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Thread: Grinder under $500 for Rancillio Silvia V5

  1. #1
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    Red face Grinder under $500 for Rancillio Silvia V5

    Gene Cafe Coffee Roaster $850 - Free Beans Free Freight
    Hi everyone, I just purchased my very first espresso machine.
    Got a steal off Gumtree, a Rancillio Silvia V5 only 6 months old from an elderly lady. She said it was too complicated for her, so I snapped it up pretty quick for $350.
    Currently itís sitting in my kitchen all spick and span but grinderless
    Iím after your recommendations for a grinder under $500.
    It will only be used for 1 coffee a day as that is all I drink and my husband doesnít drink coffee.
    Thanks everyone!
    Dimal likes this.

  2. #2
    Senior Member Yelta's Avatar
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    How about something like this Cassandra https://coffeesnobs.com.au/coffee-ha...r-grinder.html good little grinder at a very fair price.
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  3. #3
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    Hi, thanks for that! I’ll shoot them a message and see if they will post to Melbourne.

  4. #4
    Mal Dimal's Avatar
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    Or perhaps one a little more upmarket, that will do an excellent job also...
    https://coffeesnobs.com.au/coffee-ha...tml#post646245

    Mal.
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  5. #5
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    Thanks for getting back to me guys! Much appreciated!
    Only thing I’m also undecided about is whether to get a doser or a doserless? Like I said, it will only be 1 coffee a day for myself. A doser saves me from cleaning the added mess that a doserless makes but then there’s always the extra grounds in the container, but doserless is always a fresh ground yet messy

  6. #6
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    Baratza Sette 270 is worth considering ($470) . There has been reliability issues with the first gen but hopefully they've ironed them out with current batches. It is a noisy grinder but has very low retention (for its price) and fluffy grinds (low clumping) according to the interwebs.

    I wouldn't touch a doser grinder for a few coffees a day - too fiddly and no less messy than a doserless imho.
    CoffeeHack and ovonate like this.

  7. #7
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    Quote Originally Posted by CassandraT View Post
    Thanks for getting back to me guys! Much appreciated!
    Only thing I’m also undecided about is whether to get a doser or a doserless? Like I said, it will only be 1 coffee a day for myself. A doser saves me from cleaning the added mess that a doserless makes but then there’s always the extra grounds in the container, but doserless is always a fresh ground yet messy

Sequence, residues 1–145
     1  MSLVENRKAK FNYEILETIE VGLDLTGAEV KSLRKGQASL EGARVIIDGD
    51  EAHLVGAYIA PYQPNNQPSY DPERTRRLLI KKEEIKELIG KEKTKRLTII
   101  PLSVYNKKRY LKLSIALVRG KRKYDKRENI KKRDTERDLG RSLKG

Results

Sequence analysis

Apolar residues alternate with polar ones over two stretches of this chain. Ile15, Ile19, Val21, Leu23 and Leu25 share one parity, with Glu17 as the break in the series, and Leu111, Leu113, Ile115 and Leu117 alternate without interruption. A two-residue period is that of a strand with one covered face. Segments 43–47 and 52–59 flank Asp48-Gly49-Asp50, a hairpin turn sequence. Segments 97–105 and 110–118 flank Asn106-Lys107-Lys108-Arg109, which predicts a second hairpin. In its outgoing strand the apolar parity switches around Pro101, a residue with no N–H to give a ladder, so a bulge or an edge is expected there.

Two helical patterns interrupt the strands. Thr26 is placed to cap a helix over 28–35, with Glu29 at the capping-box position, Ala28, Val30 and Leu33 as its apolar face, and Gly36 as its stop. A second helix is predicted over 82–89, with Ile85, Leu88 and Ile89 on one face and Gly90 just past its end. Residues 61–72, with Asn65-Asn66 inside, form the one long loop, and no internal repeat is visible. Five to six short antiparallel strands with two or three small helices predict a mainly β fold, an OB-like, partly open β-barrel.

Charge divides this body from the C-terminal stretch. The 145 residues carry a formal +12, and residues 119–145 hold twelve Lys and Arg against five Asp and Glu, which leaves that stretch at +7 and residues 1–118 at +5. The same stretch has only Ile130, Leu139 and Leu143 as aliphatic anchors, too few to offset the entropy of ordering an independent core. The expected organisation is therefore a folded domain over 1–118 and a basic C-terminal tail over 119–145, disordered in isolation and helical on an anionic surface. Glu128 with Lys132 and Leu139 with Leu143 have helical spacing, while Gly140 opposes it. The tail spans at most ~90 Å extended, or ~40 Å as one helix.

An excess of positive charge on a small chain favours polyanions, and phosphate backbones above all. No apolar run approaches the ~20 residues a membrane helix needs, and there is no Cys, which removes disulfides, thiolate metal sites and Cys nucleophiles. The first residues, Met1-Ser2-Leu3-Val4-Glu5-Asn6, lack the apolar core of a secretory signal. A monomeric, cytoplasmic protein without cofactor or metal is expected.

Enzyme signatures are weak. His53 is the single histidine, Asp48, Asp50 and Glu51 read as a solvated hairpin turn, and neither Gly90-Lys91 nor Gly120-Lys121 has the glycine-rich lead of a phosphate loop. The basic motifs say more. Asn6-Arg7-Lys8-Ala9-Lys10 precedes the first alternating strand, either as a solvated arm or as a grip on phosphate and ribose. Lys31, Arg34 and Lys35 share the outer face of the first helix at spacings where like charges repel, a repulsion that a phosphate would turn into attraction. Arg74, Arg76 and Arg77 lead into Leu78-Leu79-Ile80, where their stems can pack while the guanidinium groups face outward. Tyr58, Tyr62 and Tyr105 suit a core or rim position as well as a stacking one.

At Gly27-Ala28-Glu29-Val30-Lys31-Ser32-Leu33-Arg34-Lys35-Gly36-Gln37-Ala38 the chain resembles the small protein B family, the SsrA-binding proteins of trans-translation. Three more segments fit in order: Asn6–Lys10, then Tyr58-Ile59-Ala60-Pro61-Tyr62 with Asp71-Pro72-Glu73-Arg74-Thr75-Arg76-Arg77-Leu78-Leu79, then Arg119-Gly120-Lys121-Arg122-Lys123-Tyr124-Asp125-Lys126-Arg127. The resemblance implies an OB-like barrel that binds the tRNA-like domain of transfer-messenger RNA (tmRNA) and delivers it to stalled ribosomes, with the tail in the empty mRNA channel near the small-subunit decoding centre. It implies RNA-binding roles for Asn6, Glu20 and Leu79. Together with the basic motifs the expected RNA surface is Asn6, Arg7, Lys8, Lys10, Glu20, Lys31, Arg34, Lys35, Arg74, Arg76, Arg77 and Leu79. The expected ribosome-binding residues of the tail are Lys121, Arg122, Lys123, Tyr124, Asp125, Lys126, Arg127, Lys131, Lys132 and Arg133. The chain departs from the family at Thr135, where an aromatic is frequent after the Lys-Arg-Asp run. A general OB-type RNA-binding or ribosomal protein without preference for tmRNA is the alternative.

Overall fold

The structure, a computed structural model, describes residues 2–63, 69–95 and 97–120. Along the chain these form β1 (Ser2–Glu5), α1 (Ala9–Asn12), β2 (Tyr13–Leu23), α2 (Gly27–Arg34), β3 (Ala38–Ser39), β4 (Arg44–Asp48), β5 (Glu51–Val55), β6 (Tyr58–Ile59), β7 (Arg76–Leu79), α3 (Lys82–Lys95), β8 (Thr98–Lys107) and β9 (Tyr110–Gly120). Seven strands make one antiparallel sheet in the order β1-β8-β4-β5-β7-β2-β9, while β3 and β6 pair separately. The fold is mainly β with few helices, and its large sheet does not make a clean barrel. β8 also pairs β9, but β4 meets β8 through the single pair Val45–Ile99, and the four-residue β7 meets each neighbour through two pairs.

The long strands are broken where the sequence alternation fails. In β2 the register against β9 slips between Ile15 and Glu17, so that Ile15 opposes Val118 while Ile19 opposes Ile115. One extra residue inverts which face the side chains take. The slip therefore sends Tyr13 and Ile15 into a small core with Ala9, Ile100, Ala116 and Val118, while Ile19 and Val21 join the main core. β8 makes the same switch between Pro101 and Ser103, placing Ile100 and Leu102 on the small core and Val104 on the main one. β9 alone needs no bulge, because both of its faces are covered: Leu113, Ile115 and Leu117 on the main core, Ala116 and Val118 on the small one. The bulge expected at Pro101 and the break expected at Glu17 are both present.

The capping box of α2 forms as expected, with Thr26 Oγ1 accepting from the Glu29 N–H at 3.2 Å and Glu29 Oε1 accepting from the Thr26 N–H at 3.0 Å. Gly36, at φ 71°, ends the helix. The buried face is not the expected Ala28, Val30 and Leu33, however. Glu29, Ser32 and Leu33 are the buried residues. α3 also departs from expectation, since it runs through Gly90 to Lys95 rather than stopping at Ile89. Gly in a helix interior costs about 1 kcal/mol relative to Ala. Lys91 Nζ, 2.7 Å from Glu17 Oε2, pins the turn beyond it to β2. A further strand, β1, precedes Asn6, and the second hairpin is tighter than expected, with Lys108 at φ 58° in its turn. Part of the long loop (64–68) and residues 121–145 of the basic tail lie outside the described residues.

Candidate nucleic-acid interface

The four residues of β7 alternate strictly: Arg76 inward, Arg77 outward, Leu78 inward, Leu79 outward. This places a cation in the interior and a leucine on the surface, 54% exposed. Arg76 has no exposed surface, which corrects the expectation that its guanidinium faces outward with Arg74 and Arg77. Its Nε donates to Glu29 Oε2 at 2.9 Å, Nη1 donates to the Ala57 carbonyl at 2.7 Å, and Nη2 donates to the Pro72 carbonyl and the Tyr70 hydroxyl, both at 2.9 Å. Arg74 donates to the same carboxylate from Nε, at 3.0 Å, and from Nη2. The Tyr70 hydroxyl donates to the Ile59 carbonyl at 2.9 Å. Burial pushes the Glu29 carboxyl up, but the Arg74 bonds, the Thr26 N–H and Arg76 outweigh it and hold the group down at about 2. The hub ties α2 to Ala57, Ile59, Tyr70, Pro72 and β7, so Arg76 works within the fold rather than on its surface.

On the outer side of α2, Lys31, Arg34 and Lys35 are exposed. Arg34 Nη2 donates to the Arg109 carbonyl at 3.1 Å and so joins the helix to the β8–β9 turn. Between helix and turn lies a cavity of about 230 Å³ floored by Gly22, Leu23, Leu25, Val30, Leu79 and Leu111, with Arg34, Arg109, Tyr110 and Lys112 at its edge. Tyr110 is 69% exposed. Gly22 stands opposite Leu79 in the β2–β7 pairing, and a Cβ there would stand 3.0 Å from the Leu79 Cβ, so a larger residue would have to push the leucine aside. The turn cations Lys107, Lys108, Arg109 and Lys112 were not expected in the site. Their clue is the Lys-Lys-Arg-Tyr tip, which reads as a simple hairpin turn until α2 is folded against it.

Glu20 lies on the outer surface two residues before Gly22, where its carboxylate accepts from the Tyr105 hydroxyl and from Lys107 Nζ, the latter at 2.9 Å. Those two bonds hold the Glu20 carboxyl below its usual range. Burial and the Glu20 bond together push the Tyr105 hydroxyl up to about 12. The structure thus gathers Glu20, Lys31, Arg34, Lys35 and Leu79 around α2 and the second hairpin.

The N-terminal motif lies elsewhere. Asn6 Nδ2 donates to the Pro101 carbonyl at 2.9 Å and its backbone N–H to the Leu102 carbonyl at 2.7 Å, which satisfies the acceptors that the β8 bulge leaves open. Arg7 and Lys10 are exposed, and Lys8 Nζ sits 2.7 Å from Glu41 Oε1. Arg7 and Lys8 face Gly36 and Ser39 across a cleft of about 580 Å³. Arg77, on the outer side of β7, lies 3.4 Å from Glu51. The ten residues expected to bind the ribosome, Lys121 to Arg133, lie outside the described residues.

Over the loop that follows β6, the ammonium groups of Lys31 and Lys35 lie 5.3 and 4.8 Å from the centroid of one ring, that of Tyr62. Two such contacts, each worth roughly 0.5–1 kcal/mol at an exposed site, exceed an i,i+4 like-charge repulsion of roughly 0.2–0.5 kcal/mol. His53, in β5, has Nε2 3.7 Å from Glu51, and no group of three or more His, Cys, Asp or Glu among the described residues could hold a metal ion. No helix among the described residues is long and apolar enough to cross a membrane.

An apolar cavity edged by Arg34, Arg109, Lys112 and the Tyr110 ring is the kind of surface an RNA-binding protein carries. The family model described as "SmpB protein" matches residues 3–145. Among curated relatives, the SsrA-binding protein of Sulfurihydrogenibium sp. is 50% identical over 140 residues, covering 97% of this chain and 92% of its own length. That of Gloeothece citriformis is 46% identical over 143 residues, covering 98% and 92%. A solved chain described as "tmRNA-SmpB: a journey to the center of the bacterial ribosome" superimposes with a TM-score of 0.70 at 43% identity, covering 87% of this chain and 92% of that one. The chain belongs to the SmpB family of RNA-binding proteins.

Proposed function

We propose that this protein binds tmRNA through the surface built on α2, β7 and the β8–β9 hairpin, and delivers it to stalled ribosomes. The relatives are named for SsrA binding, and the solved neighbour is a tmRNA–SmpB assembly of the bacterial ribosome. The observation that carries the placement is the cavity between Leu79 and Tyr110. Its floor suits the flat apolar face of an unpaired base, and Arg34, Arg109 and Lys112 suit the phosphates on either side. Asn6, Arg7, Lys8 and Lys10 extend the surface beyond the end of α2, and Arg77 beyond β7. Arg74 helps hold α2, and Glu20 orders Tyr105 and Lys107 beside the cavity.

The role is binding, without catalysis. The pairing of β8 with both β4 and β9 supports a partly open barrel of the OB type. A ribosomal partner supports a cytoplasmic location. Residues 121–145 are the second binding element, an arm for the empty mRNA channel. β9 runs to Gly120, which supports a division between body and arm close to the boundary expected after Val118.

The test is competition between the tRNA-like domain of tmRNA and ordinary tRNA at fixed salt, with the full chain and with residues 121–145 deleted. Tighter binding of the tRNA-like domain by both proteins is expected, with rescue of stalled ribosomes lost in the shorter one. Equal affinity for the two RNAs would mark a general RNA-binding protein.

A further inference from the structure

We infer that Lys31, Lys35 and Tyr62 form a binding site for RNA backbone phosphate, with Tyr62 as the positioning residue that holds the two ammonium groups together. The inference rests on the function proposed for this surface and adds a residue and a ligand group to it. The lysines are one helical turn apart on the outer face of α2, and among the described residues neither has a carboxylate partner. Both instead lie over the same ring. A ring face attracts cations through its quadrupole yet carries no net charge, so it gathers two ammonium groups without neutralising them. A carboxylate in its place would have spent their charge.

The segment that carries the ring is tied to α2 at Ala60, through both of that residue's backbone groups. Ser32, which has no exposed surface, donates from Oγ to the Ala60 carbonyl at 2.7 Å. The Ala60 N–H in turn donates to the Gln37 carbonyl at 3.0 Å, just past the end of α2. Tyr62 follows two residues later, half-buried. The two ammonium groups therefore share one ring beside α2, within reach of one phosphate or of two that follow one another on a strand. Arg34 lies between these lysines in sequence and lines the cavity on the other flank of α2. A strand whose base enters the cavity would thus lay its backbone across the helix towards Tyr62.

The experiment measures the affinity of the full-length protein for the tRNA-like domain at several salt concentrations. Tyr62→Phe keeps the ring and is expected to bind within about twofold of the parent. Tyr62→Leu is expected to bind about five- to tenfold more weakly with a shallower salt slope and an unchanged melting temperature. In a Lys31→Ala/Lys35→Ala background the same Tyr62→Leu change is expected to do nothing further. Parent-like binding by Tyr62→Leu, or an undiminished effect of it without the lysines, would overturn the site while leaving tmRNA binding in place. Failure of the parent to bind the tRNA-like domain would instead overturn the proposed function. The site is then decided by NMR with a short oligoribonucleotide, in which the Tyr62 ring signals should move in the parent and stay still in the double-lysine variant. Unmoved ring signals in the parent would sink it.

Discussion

Hi CassandraT

    [Firstly full disclosure as I am the person selling the Macap M2M as posted above by Mal, so feel free to either take or leave my advice.]

    I think you'll find that most people on this forum would recommend a doserless grinder for home use. I'm sure if you read through a few of the grinder recommendation threads you would see that doserless is preferable, not to mention particular threads discussing how to convert grinders to doserless.

    A doser is typically useful in a high-volume situation (i.e. a cafe) with a lot of bean throughput. At home a doser will cause issues with grind retention, whereas doserless would result in less bean wastage and fresh grinds on demand. Mess isn't typically too much of a problem and you can get things like dosing funnels or home-made solutions (e.g. the top cut off a plastic cup) to reduce spillage. As dischucker says a doser could be just as messy as doserless.

    Have a look at other threads in the grinder section to see how other CSers have found different models of grinders. Then you can narrow down a shortlist, and look for the best bang for buck!

  8. #8
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    +1 on Macap M2 for a really good quality, low usage scenario.
    Big plus on durability and resale should the upgraditis bug bite in future years, I had a laugh

  9. #9
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    Compak k3 is another great grinder. Stepless and will last a lifetime.
    CafeLotta likes this.

  10. #10
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    Iíve been using a La Cimbali Cadet (which is basically the same as a Junior). Designed as a commercial grinder with 64mm conical burrs and heavy duty build. Itís a good quality grind, and I could see it running pretty much forever.

    They pop up every now and then well within your budget.

  11. #11
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    Hi all, thanks for your replies! I bought a rocky doserless which has been really good, only flaw is the steps I find are just too large. Either too fine or too course, nothing in between. I use the same measured dose but I just find with the tamp it can be too dense and the water not run through at all. Especially toward the end of my bag of beans as it gets stale I find I can’t adjust the grind correctly. Does anyone have any suggestions how to overcome this?
    I am looking at a Macap upgrade, it’s a shame as the Rocky has had only 3kg run through. Like I said a coffee a day is all I make.

  12. #12
    Mal Dimal's Avatar
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    Hi C'T...

    How about giving the ubiquitous Rocky Mod a try?
    There are a couple of ways to go about it and well explained in here...
    https://coffeesnobs.com.au/grinders/...mod-rocky.html

    Mal.
    CafeLotta likes this.

  13. #13
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    Quote Originally Posted by CassandraT View Post